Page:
The first of eight prototype Seirans was completed in October 1943, commencing flight testing in November that year. A problem with overbalance of the auxiliary wings was eventually solved by raising the height of the tail fin. +more Further testing was sufficiently successful for production to start in early 1944. In order to aid pilot conversion to the Seiran, two examples of a land based trainer version fitted with a retractable undercarriage were built. These were given the designation M6A1-K Nanzan ("Southern Mountain"). Besides the difference in landing gear, the vertical stabilizer's top portion, which was foldable on the Seiran, was removed.
The first production examples of the Seiran were completed in October 1944. Deliveries were slowed by an earthquake near Nagoya on 7 December 1944, and by an American air-raid on 12 March 1945. +more Construction of the STo submarines was stopped in March 1945, after two submarine aircraft carriers had been completed and a third finished as a fuel tanker. These were supplemented by two smaller Type AM submarines, originally designed as command submarines carrying reconnaissance floatplanes, but capable of carrying two Seirans. Owing to the reduced carrier submarine force, production of the Seiran was halted, with a total of 28 completed (including the prototypes and the M6A1-Ks).
The new submarines and aircraft were assigned to the 1st Submarine Flotilla, comprising the two STo submarines, the I-400 and the flagship I-401, each carrying three Seirans together with two type AMs, the I-13 and I-14. The 1st Submarine Flotilla commenced training with the Seirans in January 1945, the crews gradually learning how to handle the submarines and aircraft. +more Launching all three Seirans took longer than expected: 30 minutes if floats were fitted, although this could be reduced to 14. 5 minutes if the floats were not used.
The first mission of the Seiran squadron, which was named the Shinryuu Tokubetsukougeki-tai (神龍特別攻撃隊) was to be a surprise air strike on the Gatun locks of the Panama Canal, to cut the main supply line for US forces in the Pacific. When the force was finally ready to set off on their mission against Panama, Japan's increasingly desperate situation led to a change in plan, with the target for the attack, called Operation Hikari (Splendour), being switched to the American base at Ulithi Atoll where forces, including aircraft carriers, were massing in preparation for attacks on the Japanese Home Islands. +more The flotilla departed Japan on 23 July 1945 and proceeded towards Ulithi. On 16 August, the flagship I-401 received a radio message from headquarters, informing them of Japan's surrender and ordering them to return to Japan. All six Seirans on board the two submarines, having been disguised for the operation as American planes in violation of the laws of war, were catapulted into the sea with their wings and stabilizers folded (for the I-401) or pushed overboard (for the I-400) to prevent capture.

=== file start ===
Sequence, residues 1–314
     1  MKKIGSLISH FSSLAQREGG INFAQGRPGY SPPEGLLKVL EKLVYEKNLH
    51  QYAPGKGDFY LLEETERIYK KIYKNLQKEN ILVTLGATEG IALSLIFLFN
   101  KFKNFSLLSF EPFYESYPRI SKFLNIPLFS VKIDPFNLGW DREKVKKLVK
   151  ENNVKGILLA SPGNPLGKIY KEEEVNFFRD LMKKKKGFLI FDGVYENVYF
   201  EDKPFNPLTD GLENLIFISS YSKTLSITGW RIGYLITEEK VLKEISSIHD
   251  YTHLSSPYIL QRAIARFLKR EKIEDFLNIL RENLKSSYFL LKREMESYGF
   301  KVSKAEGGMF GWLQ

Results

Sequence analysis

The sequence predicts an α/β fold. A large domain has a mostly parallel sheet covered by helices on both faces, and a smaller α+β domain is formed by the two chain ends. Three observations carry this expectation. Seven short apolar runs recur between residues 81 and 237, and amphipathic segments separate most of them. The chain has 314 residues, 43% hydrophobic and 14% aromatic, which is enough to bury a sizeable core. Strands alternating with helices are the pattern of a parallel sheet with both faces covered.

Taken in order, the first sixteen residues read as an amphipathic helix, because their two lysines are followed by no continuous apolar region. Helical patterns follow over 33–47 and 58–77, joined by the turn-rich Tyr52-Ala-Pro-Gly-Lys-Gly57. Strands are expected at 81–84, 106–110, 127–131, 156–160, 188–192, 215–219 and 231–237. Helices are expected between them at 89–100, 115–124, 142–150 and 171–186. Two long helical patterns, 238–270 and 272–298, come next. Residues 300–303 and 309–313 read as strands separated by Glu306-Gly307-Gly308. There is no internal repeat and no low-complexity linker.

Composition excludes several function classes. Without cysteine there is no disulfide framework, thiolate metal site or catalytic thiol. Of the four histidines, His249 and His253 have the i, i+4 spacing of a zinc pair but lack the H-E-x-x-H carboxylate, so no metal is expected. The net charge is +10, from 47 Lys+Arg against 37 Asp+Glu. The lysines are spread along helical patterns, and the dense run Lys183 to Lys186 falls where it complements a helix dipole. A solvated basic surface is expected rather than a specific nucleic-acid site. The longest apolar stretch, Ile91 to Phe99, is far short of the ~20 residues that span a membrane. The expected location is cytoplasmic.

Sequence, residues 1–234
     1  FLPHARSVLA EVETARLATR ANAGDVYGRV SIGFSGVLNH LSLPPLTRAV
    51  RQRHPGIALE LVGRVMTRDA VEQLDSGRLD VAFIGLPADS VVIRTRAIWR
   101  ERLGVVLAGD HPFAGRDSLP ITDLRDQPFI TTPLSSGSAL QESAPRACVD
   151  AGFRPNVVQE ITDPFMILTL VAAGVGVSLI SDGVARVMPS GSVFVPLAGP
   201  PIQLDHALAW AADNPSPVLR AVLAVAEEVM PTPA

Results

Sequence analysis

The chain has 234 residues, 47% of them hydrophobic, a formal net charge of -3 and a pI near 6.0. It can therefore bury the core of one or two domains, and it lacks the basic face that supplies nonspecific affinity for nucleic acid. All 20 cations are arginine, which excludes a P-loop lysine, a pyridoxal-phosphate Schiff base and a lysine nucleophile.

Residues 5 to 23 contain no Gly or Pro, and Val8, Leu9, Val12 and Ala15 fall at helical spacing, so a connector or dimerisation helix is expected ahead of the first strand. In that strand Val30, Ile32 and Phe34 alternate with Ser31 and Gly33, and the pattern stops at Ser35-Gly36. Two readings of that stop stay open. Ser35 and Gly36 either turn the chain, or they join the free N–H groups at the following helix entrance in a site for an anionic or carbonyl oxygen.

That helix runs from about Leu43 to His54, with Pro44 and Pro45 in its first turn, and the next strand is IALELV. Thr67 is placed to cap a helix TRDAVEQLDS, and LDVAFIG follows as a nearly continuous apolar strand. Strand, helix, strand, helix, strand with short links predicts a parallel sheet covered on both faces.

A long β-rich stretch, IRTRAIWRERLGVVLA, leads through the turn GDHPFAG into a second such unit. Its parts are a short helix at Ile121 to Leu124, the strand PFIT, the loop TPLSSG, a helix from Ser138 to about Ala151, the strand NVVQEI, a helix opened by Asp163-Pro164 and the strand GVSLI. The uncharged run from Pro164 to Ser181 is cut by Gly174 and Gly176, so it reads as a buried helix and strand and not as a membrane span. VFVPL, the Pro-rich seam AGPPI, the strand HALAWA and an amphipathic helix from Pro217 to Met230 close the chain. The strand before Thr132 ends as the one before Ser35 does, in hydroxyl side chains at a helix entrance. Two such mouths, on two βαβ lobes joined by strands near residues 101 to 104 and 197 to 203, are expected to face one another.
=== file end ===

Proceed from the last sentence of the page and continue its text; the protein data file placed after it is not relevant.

M6A1 :Prototypes powered by Atsuta 30 or 31 1,044 kW (1,400 hp) engine and removable floats, 8 built. M6A1 Seiran (Shisei-Seiran) :Special Attack Bomber, 18 built. +more M6A1-K Nanzan (南山, "South Mountain")('Shisei-Seiran Kai) :Prototypes of training version, retractable wheeled landing gear, 2 built. M6A2 :Prototype modification, powered by Mitsubishi Kinsei MK8P 62 1,163 kW (1,560 hp) engine, 1 built.
A single M6A1 has been preserved and resides in the Udvar-Hazy Center of the Smithsonian's National Air and Space Museum. It is located in the Washington, DC suburb of Chantilly, Virginia near Dulles International Airport. +more The Seiran was surrendered to an American occupation contingent by Lt Kazuo Akatsuka of the Imperial Japanese Navy, who ferried it from Fukuyama to Yokosuka. The US Navy donated it to the Smithsonian Institution in November 1962. Restoration work on the Seiran began in June 1989 and was completed in February 2000.